Plans call for City Dock 1, opened in 1913, to be converted into a nexus of laboratories and classrooms, fish hatcheries and berths for research vessels.

On a recent weekday morning, Daniel Pondella strode along a century-old stretch of concrete pylons and shabby warehouses in San Pedro.

As kelp swayed in the waves and terns circled overheard, Pondella recalled an elementary school field trip he took 40 years ago to this gritty wharf known as City Dock 1: “That was the day I decided to become a marine biologist.”

Now, Pondella is involved in transforming the wharf into a marine research center at the heart of the Port of Los Angeles, the nation’s busiest.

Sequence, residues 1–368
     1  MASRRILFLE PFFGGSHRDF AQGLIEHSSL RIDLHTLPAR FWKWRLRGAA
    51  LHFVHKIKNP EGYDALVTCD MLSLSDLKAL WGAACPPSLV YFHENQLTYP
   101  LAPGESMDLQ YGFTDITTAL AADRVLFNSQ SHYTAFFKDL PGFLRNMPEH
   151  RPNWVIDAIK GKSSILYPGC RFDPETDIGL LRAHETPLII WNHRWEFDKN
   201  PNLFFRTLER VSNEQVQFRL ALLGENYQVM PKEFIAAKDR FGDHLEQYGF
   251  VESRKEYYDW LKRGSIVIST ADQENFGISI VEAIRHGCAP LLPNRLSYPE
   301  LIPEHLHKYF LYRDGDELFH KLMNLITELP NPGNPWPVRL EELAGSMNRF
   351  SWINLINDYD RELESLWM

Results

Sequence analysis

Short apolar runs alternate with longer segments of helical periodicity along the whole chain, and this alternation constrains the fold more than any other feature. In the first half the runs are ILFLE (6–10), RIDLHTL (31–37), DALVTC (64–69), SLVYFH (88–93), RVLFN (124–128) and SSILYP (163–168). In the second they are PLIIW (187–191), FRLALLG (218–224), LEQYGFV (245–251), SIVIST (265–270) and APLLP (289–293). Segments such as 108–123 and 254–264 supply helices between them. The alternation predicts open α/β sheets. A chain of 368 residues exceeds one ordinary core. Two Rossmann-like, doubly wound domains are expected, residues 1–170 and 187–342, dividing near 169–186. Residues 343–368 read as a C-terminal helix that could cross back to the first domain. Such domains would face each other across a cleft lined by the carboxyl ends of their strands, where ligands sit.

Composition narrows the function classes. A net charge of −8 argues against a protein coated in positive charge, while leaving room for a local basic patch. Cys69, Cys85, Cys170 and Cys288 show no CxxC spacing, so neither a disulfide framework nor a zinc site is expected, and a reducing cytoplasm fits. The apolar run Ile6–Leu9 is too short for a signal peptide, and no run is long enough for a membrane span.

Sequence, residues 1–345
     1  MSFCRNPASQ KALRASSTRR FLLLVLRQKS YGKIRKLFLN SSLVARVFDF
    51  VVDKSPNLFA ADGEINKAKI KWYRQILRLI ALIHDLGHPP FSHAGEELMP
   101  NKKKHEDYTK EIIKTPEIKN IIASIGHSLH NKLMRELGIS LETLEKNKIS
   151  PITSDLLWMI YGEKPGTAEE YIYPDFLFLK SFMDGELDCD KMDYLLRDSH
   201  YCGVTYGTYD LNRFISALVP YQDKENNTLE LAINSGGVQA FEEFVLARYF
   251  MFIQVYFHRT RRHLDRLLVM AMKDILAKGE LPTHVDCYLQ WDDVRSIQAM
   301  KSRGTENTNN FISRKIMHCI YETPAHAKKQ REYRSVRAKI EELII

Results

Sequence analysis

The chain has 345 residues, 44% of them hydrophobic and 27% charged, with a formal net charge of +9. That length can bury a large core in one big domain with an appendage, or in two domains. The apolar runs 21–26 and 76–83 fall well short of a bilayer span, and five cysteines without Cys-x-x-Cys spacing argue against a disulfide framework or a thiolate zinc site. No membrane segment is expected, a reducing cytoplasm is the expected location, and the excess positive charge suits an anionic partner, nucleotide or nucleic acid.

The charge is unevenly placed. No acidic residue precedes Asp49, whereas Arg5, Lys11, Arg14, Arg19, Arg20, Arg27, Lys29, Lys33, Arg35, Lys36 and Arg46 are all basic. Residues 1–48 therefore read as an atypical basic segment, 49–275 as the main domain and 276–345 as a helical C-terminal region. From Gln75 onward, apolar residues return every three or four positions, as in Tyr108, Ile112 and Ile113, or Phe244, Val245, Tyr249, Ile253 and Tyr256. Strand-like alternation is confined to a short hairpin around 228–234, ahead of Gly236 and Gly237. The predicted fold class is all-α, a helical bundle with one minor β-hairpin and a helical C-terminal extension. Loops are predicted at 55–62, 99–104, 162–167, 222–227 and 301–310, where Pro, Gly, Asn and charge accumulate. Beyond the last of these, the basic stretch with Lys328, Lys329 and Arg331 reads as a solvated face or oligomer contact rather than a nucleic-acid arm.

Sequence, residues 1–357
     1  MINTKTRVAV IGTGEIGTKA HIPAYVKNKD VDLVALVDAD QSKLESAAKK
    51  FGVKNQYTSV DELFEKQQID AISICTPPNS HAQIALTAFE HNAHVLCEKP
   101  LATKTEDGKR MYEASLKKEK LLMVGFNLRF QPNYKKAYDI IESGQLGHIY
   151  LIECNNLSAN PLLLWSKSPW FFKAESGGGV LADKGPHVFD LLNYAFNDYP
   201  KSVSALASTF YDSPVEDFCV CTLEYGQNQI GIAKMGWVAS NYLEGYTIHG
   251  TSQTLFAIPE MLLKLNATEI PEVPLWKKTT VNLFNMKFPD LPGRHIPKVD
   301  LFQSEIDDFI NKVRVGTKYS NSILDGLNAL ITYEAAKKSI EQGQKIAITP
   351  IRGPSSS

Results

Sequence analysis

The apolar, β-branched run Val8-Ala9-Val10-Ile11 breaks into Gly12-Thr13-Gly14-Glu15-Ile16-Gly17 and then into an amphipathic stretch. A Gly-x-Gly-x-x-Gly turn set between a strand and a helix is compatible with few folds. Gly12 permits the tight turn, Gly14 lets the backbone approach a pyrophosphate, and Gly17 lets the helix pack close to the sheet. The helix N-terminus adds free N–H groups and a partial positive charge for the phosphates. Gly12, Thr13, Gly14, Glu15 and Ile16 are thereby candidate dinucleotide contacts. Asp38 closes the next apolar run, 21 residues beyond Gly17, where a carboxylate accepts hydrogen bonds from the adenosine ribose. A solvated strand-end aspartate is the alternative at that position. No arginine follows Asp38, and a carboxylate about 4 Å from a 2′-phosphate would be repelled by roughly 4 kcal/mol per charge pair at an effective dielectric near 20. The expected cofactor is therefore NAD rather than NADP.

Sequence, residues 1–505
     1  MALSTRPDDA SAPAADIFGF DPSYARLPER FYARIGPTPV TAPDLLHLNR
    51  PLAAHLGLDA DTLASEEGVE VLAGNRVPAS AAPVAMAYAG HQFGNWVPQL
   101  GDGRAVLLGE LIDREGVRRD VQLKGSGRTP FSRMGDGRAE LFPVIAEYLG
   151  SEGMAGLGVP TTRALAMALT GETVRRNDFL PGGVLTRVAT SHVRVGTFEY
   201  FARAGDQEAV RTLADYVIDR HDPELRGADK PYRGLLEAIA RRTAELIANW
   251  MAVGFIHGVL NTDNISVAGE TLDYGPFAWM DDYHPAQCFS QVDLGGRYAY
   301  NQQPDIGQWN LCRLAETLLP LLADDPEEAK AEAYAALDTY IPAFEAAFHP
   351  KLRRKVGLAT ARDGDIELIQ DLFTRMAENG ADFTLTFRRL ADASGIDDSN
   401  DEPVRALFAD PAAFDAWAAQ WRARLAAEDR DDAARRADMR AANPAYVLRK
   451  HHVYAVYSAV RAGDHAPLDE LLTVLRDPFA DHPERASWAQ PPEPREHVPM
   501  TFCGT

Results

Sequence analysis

When City Dock 1 opened in 1913, it turned on a spigot for the Southern California economy through which $283 billion a year in international commerce now flows. Plans call for it to be converted into a nexus of laboratories and classrooms, fish hatcheries and berths for research vessels, which will explore the flows of Pacific currents, solutions to oceanic pollution and coastal erosion, and the rhythms of sea creatures from bacteria to 150-ton blue whales.

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